As leaders in education, a big part of our job involves our ability to be resilient. Our ability to stay positive and move forward is essential to our effectiveness as leaders and educators.  So, when you find yourself in a position where you feel overwhelmed, hurt, frustrated, and you might just feel like throwing in the towel, remember you have students and other educators relying on you. They are relying on your leadership and ability to move them forward in the face of challenge.

How resilient are you?

How do you maintain your resilience?

How do you model resiliency?

How do you teach others to be more resilient?

Published by Tia M. Dawson

There are many things that define who I am as a person. First of all, I am a mother of 3 wonderful children! I can not express how fortunate we are to have our children in our life! Secondly, I am an elementary educator who recently returned to the classroom after 12+ years as an elementary school administrator. Lastly, I am passionate about helping others, learning about abuse, helping others in abusive relationships, and helping others understand their worth.

5 thoughts on “Resilience in Leadership

  1. Hi Tia,
    Yourr comments about trust really resonated with me. I am a real Pollyanna (I think we’ve discussed this before!) and tend to think the best of everyone in their intentions and actions. I have had my trust broken and even so, it hasn’t changed my outlook on people. I can’t imagine how we could do the work we do and be in a people oriented field if we lost that.

    1. Hi Carol (or should I say Pollyanna),

      Thanks for taking the time to read and comment on this post.

      Yes, I think we are very much alike in many ways and this is one of them. I also feel that people are just good. We must trust and know that if we get that trust broken, we just carry on and rebuild. It’s okay. It’s actually very important in the work we do. I can’t imagine our work without trust.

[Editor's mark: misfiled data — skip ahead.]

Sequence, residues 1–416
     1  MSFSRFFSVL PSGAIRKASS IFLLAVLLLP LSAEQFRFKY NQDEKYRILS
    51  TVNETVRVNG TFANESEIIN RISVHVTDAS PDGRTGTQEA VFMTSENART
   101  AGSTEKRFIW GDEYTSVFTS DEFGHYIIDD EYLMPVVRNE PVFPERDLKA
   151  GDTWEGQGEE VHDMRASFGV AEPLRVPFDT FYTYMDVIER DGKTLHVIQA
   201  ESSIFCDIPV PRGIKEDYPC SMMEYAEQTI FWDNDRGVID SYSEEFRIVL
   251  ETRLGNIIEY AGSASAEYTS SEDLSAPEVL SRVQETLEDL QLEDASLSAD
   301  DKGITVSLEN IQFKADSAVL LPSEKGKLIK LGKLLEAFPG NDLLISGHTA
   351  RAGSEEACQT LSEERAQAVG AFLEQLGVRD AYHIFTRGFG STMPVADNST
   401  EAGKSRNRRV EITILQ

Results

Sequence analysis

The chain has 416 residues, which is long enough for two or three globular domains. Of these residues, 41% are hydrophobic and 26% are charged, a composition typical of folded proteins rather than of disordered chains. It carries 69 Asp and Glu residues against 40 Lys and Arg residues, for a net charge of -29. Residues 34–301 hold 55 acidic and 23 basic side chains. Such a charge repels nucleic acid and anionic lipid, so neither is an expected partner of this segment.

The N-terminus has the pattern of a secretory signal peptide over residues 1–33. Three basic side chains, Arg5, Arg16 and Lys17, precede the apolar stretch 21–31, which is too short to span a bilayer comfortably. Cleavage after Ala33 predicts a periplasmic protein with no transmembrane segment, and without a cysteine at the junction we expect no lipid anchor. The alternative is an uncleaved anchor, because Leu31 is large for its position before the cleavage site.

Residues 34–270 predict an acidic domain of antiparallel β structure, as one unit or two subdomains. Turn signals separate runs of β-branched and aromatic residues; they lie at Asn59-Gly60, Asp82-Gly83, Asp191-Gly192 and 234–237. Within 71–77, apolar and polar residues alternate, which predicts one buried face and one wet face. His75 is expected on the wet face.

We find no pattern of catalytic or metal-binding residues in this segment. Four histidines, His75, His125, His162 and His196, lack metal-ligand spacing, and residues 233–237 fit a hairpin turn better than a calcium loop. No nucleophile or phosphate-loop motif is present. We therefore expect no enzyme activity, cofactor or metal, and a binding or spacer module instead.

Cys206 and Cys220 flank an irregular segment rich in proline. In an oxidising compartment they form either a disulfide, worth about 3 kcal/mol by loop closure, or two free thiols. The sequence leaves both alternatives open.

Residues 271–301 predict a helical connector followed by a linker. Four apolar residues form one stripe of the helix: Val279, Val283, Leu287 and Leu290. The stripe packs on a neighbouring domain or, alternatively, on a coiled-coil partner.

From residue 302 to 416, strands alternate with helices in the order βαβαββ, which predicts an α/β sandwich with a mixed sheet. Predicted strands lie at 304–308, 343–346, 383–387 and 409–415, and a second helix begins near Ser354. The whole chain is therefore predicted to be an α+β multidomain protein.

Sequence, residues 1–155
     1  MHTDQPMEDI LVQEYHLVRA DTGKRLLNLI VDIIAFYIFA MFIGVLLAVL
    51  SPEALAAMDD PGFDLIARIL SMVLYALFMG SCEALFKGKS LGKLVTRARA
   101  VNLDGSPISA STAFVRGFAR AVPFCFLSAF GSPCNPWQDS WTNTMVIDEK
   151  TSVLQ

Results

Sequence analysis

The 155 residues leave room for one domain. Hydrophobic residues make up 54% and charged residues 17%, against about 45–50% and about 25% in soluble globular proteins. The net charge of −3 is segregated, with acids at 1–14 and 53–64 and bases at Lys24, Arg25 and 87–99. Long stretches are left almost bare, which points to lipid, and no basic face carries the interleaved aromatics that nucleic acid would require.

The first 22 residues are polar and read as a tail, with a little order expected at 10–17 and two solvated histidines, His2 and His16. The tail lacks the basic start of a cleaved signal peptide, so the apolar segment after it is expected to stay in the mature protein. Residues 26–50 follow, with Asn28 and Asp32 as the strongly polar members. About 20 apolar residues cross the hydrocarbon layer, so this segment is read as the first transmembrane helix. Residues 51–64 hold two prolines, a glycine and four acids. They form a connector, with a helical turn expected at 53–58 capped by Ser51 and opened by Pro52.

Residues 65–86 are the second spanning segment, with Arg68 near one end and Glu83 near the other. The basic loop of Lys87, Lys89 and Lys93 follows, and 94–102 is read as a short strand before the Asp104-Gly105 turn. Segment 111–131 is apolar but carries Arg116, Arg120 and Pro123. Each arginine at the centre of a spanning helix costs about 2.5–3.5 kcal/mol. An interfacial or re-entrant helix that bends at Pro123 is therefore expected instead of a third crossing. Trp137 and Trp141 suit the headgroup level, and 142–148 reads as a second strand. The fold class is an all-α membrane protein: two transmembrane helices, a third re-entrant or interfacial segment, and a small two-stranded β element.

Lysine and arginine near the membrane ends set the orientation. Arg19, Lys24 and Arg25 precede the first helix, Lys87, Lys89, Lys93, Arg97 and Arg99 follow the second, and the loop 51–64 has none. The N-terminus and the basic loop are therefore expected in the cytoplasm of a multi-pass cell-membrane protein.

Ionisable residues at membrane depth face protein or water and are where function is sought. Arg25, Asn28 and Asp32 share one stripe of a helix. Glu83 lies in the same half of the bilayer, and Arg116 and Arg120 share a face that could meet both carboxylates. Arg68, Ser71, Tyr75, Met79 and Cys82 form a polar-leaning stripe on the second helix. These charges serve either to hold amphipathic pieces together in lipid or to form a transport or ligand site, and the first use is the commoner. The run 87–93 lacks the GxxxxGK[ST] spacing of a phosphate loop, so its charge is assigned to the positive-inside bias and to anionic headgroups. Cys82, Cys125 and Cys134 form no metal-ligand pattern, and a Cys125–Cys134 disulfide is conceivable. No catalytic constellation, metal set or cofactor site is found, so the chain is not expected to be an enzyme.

2. I really enjoyed this post, Tia, and your questions at the end about resiliency. I think being resilient is so important. When reflecting on my own resiliency, what stands out for me was becoming more knowledgeable about what I was experiencing. So, educating myself about systems and protocols and policies. Once I felt comfortable and more confident in that knowledge, I found it easier to manage situations. I share that knowledge with others and encourage them along their journey, too. No point in keeping this stuff to myself! Trust is huge, as is forgiveness – each of them sometimes difficult to achieve, but so important. I’m not sure I will ever be able to completely “forgive” some situations, but I have certainly reflected on them, reflected on how I could do things differently and then moved on. I carry the remaining hurt with me, but not as a detriment to myself. That hurt I carry is my motivator – it pushes me forward on my path and reminds me why I do what I do. Thanks for this post, and encouraging me to reflect on what resiliency means to me.

    1. Thanks for reading and commenting!

      Resilience is so important. Growing up, I never really understood it. Well, not until I did a university paper on it while doing my Bachelor’s degree. At that point I delved in, in an effort to better understand my why and how, and did a 15 page paper on Resiliency. I just recently came across that paper again!

      Yes, I agree, I know that forgiveness is very important, but not so sure that I can completely forgive certain things. Definitely, I will never be able to forget, that’s for sure. It is important not to let that hurt stifle who we are and what we want in our life and in the lives of our children (just as you said). Reflection is so very important in our effort to not have these things carry forward with us.

      Thanks again,